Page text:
The call to prayer echoed down the canyon between Istanbul and Ankara as we sat in our circle high in the mountains.  I was there with several others from Open Hearts Ministry to help provide an experiential training for people wanting to learn how to care for those who have suffered the trauma of sexual abuse.

The group did not go smoothly.  Many things contributed to the dynamic in the group, not the least of which was me and how I was engaging the complexity surrounding me. The women were resistant to the process and questioning the validity of our methods. I remember the angsty ache inside of me as I worked to understand what was being said and translated, what my body was feeling and what I was noticing as the stories unfolded.  It was tense; we all felt it.   After several small group times I finally asked about a phrase that I kept hearing the women say to one another, “Neyse Ne.”

Neyse Ne means “it is what it is.”

I remember how I felt when I heard the translation.  I had an internal “eye roll.”  This phrase felt like resignation to me and everything in me pushed back against it.  I began to make assumptions and judgments about why they were saying it and what I was going to do about it.

Not helpful.

The week wore on and my resistance to Neyse Ne continued to leak and color my engagement of the women in the group.  I felt tight inside, and they could sense it.

I was persistent and committed to staying engaged, but I was not offering a warm, open, curious embrace of those women right where they were.

Two days into the four days, our final group for the day included a woman sharing a story of sexual abuse she had held in secret for 50 years.  The room was heavy with the weight of what had been spoken as she tearfully finished.  In those moments something sacred happened as we collectively wept.  As the group closed our hostess invited us to a bonfire after dinner.

It was cold as I walked towards the fire where I found her kneeling near the flames, next to her a brass pot with a long handle and a tray of glass cups, she was making turkish coffee.

I began asking about the process for making Turkish coffee.

“Well….you have to start with good Turkish coffee, which you cannot find in America, because the grind is so fine, and you do not have such a grind in U.S. Then you have to decide if you want slightly sweet, sweet or very sweet, and you add the sugar.”

As she spoke I watched her carefully measuring the coffee into the brass pot with the long handle. She added the water and placed it in the coals.

“You have to watch it carefully. It needs to be hot, but not too hot. You can’t forget or neglect it or it will boil over. And you can’t grab it too fast or you’ll burn your hand and dump it over.”

As she spoke I was thinking about the day before when she had told me that she didn’t like the group process and she wasn’t sure about our material and wasn’t sure anything good was going to come from what we were doing. As I watched her making the coffee I found myself thinking, “I am not sure about this. Seems to me that there will too many coffee grounds in this coffee. And it was taking a long time for just a cup of coffee.”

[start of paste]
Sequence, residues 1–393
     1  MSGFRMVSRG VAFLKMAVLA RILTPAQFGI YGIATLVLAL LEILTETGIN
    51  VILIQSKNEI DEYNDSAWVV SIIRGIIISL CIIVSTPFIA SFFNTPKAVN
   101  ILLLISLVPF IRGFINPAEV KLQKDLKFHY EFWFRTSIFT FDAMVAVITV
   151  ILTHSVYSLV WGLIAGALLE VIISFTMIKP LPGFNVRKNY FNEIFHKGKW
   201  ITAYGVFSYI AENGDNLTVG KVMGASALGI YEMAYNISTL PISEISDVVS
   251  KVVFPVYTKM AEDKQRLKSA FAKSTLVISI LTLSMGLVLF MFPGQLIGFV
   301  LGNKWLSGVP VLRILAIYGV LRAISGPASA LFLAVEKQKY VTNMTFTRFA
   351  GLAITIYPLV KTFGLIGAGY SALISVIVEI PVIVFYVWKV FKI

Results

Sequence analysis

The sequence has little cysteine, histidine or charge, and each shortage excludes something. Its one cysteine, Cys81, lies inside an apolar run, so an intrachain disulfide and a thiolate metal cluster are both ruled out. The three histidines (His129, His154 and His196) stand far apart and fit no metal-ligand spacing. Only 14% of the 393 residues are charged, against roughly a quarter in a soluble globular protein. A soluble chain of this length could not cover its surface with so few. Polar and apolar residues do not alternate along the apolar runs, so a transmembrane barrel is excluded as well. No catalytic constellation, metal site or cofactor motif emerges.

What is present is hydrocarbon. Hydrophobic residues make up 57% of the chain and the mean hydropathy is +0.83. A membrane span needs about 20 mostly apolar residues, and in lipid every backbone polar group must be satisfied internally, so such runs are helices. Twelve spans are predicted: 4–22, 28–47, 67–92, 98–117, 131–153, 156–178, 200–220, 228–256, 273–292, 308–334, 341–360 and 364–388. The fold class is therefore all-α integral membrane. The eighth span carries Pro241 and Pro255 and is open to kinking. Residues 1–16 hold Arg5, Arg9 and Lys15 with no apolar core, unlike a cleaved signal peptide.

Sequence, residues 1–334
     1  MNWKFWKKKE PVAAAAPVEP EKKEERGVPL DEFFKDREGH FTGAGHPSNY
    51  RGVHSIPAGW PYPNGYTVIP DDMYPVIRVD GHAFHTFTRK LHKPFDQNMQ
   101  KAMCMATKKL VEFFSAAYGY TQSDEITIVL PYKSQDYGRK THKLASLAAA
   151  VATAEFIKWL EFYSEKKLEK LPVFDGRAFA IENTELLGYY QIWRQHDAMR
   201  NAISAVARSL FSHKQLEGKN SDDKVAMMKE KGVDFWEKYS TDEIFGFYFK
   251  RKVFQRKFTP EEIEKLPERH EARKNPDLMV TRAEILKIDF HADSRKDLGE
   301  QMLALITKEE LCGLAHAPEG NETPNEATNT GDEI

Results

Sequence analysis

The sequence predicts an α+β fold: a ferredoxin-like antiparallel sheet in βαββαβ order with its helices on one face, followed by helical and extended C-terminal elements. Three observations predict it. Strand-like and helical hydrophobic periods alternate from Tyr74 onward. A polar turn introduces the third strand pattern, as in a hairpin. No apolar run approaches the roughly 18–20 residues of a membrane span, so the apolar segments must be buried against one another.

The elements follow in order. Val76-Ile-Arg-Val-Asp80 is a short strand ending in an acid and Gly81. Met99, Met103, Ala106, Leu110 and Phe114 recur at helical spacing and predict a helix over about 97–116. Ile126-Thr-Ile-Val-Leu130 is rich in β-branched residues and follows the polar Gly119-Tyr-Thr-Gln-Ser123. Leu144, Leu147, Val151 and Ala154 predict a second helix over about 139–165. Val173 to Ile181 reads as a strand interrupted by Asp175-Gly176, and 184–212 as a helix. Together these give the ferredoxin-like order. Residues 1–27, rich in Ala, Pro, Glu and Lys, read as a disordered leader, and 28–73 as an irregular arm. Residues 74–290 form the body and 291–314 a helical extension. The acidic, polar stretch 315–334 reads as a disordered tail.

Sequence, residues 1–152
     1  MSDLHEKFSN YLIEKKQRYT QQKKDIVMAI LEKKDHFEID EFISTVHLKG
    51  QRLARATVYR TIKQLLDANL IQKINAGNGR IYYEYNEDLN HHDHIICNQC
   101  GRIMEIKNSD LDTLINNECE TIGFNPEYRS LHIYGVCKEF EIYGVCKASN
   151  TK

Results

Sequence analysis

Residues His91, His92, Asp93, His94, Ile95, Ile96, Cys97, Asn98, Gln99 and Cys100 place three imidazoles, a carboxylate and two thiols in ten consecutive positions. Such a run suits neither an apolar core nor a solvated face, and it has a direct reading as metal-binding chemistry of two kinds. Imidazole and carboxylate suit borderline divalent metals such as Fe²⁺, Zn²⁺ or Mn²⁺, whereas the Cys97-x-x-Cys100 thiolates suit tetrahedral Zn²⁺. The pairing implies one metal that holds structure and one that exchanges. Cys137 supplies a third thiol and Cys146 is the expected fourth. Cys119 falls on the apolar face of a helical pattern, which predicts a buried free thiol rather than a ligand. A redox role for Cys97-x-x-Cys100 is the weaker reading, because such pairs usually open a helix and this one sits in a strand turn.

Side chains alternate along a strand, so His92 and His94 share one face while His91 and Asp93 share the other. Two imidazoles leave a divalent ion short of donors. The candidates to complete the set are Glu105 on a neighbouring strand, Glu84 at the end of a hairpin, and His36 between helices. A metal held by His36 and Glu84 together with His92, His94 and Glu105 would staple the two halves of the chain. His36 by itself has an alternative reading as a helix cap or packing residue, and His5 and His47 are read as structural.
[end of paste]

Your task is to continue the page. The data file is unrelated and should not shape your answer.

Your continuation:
I looked around at the trees and up at the night sky, the moon shrouded slightly behind the clouds and stars sprinkled in the sky.

I looked down at the brass pot where a thick brown foam was beginning to form on the top of the coffee. Our hostess carefully watched it and when it was just the right color and thickness she reached down and pulled the pot from the fire. She scooped the foam into four small cups and returned the pot to the fire so the process could begin again.

More time.

The foam slowly formed again and I watched her pull the pot one final time and scoop the foam first then pour the liquid into the cups.

As I sipped from my cup, the rich, hot, velvety goodness warmed my throat. Just the right amount of sweet mingling with the dark taste of the coffee.

The whole process took almost 45 minutes.

Neyse Ne.

Making good Turkish coffee is a slow process, it is what it is.  Resisting the process, rushing it, determining it could be done another way would have taken me out of the beauty of that night and the moments by the fire.

Neyse Ne comes with possibility when it is welcomed with curiosity and openness.  This Turkish phrase has come back to me in the past few months, reminding me that my resistance to it takes me out of the moment and out of the beauty that may be waiting for me if I just embrace what I want to roll my eyes at or perhaps want to run from.

This spring I am slowly embracing my reality with curiosity and openness to where there may be goodness, joy and more of my true self to be experienced when I stop resisting what is.

Neyse Ne.


DSC_0512Tracy Johnson is a lover of stories and a reluctant dreamer, living by faith that “Hope deferred makes the heart sick but when dreams come true there is a life and joy” (Pro. 13:12).  She is the Founder of Red Tent Living.  Married for 28 years, she is mother to five kids.  After a half century of life, she’s feeling like she may know who she is.
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